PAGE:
Property Taxes: Small Mistakes Can Cost You Thousands or Even Your Coveted City Parking Spot

In honor of everyone’s favorite time of year, tax season, we wanted to highlight a particularly interesting piece of the current tax code structure: property taxes.

These taxes are unlike most that we pay day-to-day. Rather than being attached to your social security number (employment) or an individual item that you walk out of the store with (sales)—property taxes, as the name suggests, are attached to the property. This creates a unique issue when you buy a home—if the previous owner has unpaid property taxes, those costs could be passed on to you.

What Property Taxes Do and Who Regulates Them

Property taxes are evaluated by an assessor and levied at the individual county and/or city level. These fees generally go to pay for public schools, utilities, and other local miscellaneous costs. Tax rates vary widely and are annually calculated as a percentage of your home’s assessed value.

For example, a house with an assessed value at $350,000 in Chicago would have an effective tax rate around 2.009% or $7,032. However, if you owned a home assessed at $700,000 in Los Angeles, the rate would actually be less at .793% or $5,948 per year.

Someone Can Buy Your Road and More

Since property taxes are often wrapped into your mortgage payment, it’s easy to put them out of your mind. However, not paying attention to your property tax payments can have dire, real world consequences.

As mentioned above, you can be held liable for unpaid taxes from a previous owner. Furthermore, if left unchecked and unpaid, all or a piece of your property can be sold by the government at auction, leaving your investment open to the highest bidder.

Recently in an upscale neighborhood in San Francisco, two investors literally bought the street and sidewalks out from under the residents. The private road was put up for auction due to a “$14-a-year property tax bill that the homeowners association failed to pay for three decades.”

The street, which is lined with “35 megamillion-dollar mansions”, was sold for $90,100 to two South Bay investors, due to a $994 in back taxes and penalties. The new owners had several ideas for how to capitalize on their investment, including charging longtime residents and homeowners to simply park outside their door. A change like this could disrupt the property value of an entire neighborhood.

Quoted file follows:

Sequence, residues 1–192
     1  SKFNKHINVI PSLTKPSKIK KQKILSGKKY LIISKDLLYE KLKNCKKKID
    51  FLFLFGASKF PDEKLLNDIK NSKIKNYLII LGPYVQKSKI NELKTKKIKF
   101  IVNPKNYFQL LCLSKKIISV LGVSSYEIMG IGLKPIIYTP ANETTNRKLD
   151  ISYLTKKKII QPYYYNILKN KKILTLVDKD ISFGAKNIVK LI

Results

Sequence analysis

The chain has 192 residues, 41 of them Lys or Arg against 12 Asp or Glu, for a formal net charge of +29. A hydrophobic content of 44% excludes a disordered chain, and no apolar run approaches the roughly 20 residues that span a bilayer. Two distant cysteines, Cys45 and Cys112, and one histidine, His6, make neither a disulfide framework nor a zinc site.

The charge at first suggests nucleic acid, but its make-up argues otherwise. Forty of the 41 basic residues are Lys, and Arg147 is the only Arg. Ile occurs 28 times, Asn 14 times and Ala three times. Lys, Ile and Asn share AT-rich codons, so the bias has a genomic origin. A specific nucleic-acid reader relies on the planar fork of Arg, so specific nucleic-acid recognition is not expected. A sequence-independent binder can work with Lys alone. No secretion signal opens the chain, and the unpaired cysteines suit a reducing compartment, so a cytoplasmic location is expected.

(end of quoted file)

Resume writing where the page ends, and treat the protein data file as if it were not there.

The locals cried foul—alleging that this was a clerical error resulting in the city/county bills to the wrong office location for years, among other things—and eventually won the private road back. However, the whole process took over two years to resolve and was fairly controversial.

Protecting Your Real Estate Investment

In the vast majority of real estate transactions, a new buyer will need to apply for a mortgage.

In this instance, the bank or lender will require that the borrower buy title insurance to complete escrow. Title insurance protects the buyer and lender against unforeseen claims or “clouds” on the title, such as unpaid property taxes.

Even if you do purchase title insurance, it’s still important (as illustrated above) to be a diligent taxpayer and keep up to date on your property taxes. If you find an unforeseen bill, file a claim with your title company and clear up the charges before it’s too late. Staying up to date and informed on local government tax guidelines can also result in finding helpful tax credits, tax deductions, tax relief opportunities, and exemptions based on your income. Find your local property tax authority and additional tax advice here.

Buying a home will most likely be the single largest purchase that you make, and getting slapped with an unexpected tax bill or having part of your property auctioned can cause unwanted financial whiplash. Understanding the way property is transferred, taxed, and regulated is a crucial component to making a sound, savvy, and lasting real estate investment.

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